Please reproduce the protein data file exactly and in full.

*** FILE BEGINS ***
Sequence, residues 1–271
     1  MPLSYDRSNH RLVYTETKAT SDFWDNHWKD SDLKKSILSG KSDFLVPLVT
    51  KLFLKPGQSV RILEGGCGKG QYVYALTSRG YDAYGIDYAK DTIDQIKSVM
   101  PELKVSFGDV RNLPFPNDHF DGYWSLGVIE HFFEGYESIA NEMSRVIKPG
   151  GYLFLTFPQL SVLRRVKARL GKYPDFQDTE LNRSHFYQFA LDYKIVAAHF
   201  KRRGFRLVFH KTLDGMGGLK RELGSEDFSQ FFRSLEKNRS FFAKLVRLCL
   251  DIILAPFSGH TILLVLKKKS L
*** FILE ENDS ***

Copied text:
Sequence, residues 1–271
     1  MPLSYDRSNH RLVYTETKAT SDFWDNHWKD SDLKKSILSG KSDFLVPLVT
    51  KLFLKPGQSV RILEGGCGKG QYVYALTSRG YDAYGIDYAK DTIDQIKSVM
   101  PELKVSFGDV RNLPFPNDHF DGYWSLGVIE HFFEGYESIA NEMSRVIKPG
   151  GYLFLTFPQL SVLRRVKARL GKYPDFQDTE LNRSHFYQFA LDYKIVAAHF
   201  KRRGFRLVFH KTLDGMGGLK RELGSEDFSQ FFRSLEKNRS FFAKLVRLCL
   251  DIILAPFSGH TILLVLKKKS L